Effects of Protein Inhibitors on Melanoma Cancer Cells

Trevar Lytle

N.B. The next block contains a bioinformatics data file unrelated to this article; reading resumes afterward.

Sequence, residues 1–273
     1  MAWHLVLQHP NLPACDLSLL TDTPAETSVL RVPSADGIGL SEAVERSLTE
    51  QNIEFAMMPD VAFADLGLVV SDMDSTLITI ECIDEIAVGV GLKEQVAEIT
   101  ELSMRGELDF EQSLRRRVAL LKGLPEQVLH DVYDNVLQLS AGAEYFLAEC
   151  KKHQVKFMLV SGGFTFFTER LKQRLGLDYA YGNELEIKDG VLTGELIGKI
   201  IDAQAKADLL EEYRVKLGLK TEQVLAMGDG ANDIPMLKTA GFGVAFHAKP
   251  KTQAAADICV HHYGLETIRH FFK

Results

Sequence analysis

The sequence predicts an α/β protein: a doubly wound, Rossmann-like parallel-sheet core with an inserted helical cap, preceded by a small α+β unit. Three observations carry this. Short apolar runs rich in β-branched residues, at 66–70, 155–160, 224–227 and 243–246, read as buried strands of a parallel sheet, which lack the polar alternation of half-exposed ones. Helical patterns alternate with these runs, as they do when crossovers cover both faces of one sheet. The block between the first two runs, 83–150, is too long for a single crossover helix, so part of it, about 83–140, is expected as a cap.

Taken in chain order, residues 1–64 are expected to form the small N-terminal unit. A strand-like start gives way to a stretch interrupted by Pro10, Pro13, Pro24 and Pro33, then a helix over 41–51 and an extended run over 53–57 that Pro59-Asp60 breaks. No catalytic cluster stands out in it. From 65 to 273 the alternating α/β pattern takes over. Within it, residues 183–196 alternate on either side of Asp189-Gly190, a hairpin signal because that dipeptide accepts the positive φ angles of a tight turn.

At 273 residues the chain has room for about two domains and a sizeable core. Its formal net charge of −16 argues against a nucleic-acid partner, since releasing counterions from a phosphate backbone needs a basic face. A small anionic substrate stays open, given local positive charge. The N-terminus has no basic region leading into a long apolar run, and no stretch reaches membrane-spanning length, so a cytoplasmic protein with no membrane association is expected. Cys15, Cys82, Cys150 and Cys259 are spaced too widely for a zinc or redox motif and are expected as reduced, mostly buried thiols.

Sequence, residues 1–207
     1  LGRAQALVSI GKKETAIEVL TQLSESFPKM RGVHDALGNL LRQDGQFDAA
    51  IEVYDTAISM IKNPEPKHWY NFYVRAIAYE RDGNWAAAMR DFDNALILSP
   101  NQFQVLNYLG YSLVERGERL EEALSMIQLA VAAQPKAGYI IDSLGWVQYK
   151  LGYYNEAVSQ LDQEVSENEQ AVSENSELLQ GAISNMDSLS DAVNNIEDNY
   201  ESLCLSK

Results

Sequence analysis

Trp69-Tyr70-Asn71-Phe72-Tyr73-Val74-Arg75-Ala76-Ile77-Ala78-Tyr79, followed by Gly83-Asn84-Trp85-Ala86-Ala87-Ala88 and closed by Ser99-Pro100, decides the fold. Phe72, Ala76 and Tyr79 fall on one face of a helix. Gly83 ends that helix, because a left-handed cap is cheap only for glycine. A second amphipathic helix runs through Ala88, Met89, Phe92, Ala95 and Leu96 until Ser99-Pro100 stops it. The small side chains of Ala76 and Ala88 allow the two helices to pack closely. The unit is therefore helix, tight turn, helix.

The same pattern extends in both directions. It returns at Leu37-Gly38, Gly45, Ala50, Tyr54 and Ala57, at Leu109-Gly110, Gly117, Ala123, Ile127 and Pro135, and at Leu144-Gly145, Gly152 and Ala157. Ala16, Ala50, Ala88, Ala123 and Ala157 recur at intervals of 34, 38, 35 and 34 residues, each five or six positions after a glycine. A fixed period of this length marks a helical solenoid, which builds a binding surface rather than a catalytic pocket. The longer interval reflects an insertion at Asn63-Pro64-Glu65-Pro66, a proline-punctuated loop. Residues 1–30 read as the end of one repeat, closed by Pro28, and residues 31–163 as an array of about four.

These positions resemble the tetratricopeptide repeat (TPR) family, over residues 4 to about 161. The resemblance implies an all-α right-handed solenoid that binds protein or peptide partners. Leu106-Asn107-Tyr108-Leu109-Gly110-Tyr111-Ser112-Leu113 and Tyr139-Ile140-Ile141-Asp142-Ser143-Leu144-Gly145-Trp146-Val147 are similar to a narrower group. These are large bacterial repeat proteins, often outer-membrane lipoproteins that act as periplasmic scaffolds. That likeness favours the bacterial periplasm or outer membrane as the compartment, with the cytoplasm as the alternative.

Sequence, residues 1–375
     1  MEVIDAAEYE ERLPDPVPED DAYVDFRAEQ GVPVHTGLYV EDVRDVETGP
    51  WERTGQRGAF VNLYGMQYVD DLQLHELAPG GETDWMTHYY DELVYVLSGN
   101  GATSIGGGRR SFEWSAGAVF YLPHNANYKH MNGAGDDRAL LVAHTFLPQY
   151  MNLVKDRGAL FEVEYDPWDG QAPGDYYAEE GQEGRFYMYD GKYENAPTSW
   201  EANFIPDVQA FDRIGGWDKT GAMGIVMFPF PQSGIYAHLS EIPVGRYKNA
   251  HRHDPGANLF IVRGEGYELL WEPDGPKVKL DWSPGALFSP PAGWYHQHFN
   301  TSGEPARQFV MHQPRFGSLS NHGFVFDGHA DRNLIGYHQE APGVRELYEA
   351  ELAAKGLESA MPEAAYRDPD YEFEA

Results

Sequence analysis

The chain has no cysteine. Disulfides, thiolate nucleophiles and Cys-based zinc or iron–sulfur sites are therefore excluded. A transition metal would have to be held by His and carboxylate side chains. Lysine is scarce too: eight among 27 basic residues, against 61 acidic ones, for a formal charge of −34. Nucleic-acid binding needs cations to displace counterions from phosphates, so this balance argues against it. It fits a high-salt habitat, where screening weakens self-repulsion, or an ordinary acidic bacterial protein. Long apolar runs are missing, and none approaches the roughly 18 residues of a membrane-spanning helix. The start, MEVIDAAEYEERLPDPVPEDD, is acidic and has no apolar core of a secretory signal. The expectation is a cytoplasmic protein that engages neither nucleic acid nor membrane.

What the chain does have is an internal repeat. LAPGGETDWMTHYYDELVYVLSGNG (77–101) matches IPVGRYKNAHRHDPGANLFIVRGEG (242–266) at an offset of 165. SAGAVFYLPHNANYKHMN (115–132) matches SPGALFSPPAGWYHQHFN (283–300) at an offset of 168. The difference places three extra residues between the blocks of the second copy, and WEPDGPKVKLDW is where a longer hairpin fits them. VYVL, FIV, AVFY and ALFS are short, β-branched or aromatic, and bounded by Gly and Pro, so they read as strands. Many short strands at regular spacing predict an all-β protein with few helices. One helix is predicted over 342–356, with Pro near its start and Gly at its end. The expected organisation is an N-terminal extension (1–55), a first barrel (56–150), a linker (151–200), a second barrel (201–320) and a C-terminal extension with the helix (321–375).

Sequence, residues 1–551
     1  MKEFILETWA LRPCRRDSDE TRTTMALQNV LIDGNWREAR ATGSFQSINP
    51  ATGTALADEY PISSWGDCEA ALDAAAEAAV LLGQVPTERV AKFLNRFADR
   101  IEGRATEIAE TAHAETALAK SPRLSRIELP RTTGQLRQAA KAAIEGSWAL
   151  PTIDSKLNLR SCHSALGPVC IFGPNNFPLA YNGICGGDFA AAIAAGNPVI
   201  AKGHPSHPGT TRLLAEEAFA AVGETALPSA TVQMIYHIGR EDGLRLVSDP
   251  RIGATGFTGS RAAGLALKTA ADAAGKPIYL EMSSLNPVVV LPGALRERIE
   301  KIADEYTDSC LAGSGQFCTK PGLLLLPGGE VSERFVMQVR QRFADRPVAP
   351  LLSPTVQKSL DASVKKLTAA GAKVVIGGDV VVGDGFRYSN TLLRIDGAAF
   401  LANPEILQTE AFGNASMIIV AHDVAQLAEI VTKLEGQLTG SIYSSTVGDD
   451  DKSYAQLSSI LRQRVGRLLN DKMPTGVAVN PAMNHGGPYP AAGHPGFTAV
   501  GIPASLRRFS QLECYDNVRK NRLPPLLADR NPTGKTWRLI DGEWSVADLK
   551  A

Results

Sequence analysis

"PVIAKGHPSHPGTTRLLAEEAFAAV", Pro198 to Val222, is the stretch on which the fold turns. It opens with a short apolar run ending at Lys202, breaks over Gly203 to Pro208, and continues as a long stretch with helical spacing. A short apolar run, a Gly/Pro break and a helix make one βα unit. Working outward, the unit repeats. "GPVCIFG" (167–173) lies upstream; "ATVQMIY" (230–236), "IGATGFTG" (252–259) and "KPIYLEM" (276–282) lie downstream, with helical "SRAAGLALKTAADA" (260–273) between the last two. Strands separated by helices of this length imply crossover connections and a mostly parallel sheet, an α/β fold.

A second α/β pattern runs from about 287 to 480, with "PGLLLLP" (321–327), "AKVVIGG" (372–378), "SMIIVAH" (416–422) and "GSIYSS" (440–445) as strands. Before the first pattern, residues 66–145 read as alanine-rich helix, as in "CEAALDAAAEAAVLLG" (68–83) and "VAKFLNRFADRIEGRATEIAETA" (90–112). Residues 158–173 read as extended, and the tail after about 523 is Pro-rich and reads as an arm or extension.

Melanoma, a popular cancer found in humans is a base for modern research. Strands of this cancer can be isolated and cultured for study using different inhibitors of proteins related to the production of proteins and cell defense systems. Targeted gene expression could be regulated from an external source by treatment of inhibitors on proteins associated with these functions. Cultures treaded with various combinations of Suicide inhibitors were examined to better understand the role that these proteins have in melanoma tumor growth and development.  Targeted proteins were: Heat Shock Protein (Hsp90) and it’s relationship with protein folding and function within the signal cascade of many cells. This relationship allows for the regulation of specific proteins that are weakened or over taken by cancer cells. Heme-Oxygenase (Hsp32) is an enzyme that in recent years has been found in abnormal concentrations in active tumor cells. It plays a vital role in Oxidative stress and Heme degradation in functioning cells, but it seems to be upregulated in cancer cells. This experiment coupled Hsp90 inhibitors and Hsp32 inhibitors on A375 melanoma cells. Hsp90 inhibitor used was NMS E973 and Hsp32 inhibitor used was SnMP. 

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